This is, sadly, true. This is also arguably why there has been a surge in the idea of a “problematic fave,” or a character or celebrity that has said or done problematic things in the past, but remains favored by people. You’re allowed to have problematic faves. But where do we draw the line?

Later on in Gay’s book, she discusses Tyler, The Creator, who she says has a whopping 213 slurs against the LGBTQIA+ community on his album “Goblin.” He justifies it by claiming that his fans say it’s okay, and that he has gay friends – standard excuses used by many ignorant people. (Furthermore, his song, “She,” is far more visceral and violent with its misogyny, with lyrics like, “I just wanna drag your lifeless body to the forest/And fornicate with it but that’s because I’m in love with/You cunt.” The shock-value used in his music for humor fails incredibly.) At the end of her essay, though, Gay claims that supporting Tyler, The Creator allows him to “get away” with his bigotry. For Gay, she draws the line at Tyler, The Creator but not, say, Jay-Z. Despite his own misogynistic lyrics, Jay-Z remains Gay’s problematic fave.

But Tyler, The Creator might be somebody else’s problematic fave, right? The Beatles, The Rolling Stones, and Fall Out Boy are certainly many other peoples’ problematic faves.

Do we draw the line for “problematic faves” if their personal lives “prove” the misogyny presented in their art? In that case, The Beatles and John Lennon would be on every feminist’s personal black list, as well as David Bowie, Fall Out Boy and Pete Wentz, Chris Brown, and Tyga (among many other male-identified musicians), for cases of domestic abuse against their partners, and/or dating underage women. Moreover, shouldn’t we still be weary of those who may not “act” misogynistic, but still support misogyny in art? It’s still misogyny. It still has terrible effects.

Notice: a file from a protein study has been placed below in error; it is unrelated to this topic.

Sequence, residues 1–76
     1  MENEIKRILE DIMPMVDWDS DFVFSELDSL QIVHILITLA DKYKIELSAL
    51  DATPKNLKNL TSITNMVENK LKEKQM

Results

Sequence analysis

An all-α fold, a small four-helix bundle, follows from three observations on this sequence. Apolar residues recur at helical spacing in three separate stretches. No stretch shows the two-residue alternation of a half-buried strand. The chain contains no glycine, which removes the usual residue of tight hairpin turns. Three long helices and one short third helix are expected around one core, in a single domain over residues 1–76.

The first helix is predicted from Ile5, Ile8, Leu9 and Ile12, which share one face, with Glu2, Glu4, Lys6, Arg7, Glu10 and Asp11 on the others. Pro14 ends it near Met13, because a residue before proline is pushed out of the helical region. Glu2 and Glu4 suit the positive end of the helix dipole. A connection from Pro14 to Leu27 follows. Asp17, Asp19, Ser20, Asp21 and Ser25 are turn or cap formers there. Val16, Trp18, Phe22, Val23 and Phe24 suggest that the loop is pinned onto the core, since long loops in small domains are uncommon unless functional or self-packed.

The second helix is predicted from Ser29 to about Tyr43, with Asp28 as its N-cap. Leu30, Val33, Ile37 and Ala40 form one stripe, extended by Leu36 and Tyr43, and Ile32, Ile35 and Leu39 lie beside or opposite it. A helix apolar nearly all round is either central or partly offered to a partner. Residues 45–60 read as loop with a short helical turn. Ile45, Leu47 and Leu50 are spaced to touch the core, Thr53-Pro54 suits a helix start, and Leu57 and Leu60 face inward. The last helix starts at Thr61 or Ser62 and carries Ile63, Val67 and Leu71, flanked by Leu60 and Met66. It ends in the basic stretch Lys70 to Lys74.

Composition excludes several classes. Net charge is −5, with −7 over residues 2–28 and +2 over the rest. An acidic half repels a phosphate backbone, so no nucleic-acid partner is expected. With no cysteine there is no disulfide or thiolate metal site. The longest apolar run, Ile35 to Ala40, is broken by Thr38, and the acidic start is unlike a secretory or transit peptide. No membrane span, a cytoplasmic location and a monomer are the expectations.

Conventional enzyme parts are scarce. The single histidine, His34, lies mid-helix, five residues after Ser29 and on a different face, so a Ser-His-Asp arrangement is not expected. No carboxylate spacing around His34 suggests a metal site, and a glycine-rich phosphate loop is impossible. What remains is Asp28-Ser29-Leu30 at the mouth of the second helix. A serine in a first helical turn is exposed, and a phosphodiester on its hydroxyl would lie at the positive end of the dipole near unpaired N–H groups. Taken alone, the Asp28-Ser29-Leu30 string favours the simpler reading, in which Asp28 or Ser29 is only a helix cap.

Is it if they do not acknowledge their problematic behavior? The list would simply be replicated, for none of these men have given a genuine apology or stopped their problematic behavior.

The answer is that there really is no “line” for male-identified musicians. At the end of the day, as a society, we give more leeway to male-identified musicians than to the female-identified. Take Miley Cyrus, for example. Social media and online magazines were as ruthless as they should have been when discussing her use of cultural appropriation for personal gain. More recently, Katy Perry has been under fire for her multiple offenses regarding cultural appropriation. Intersectional feminists slammed Beyoncé and Selena Gomez for culturally appropriating Indian dress and jewelry. Taylor Swift has gotten plenty of comments for her music videos for “Wildest Dreams” and “Shake it Off,” which either lack any representation for people of color or simply use people of color as anonymous, sexualized back-up dancers – all critiques come rightfully so.

But do we spend half as much time discussing how Zayn Malik is culturally appropriating Black culture through his hairstyles or his new R&B-based solo album? What about Calvin Harris, his music, and his proud comment about how he chose the name Calvin Harris, because he knew its “racial ambiguity” would help him rise in the ranks? There’s Diplo, Justin Bieber, Liam Payne – the list goes on and on. And while there may be some conversation, it’s hardly as loud as it is for women artists.

It’s not just cultural appropriation and racism, either. Women artists whose feminism is not intersectional enough, who do not come to bat against misogyny when it matters most are lauded for their failures. Taylor Swift, again, is a strong example; she is a feminist whose (white) feminism only rears its head when it can benefit her public image. Good, critique is needed if true change can happen. Women are not excused from problematic behavior for simply being women.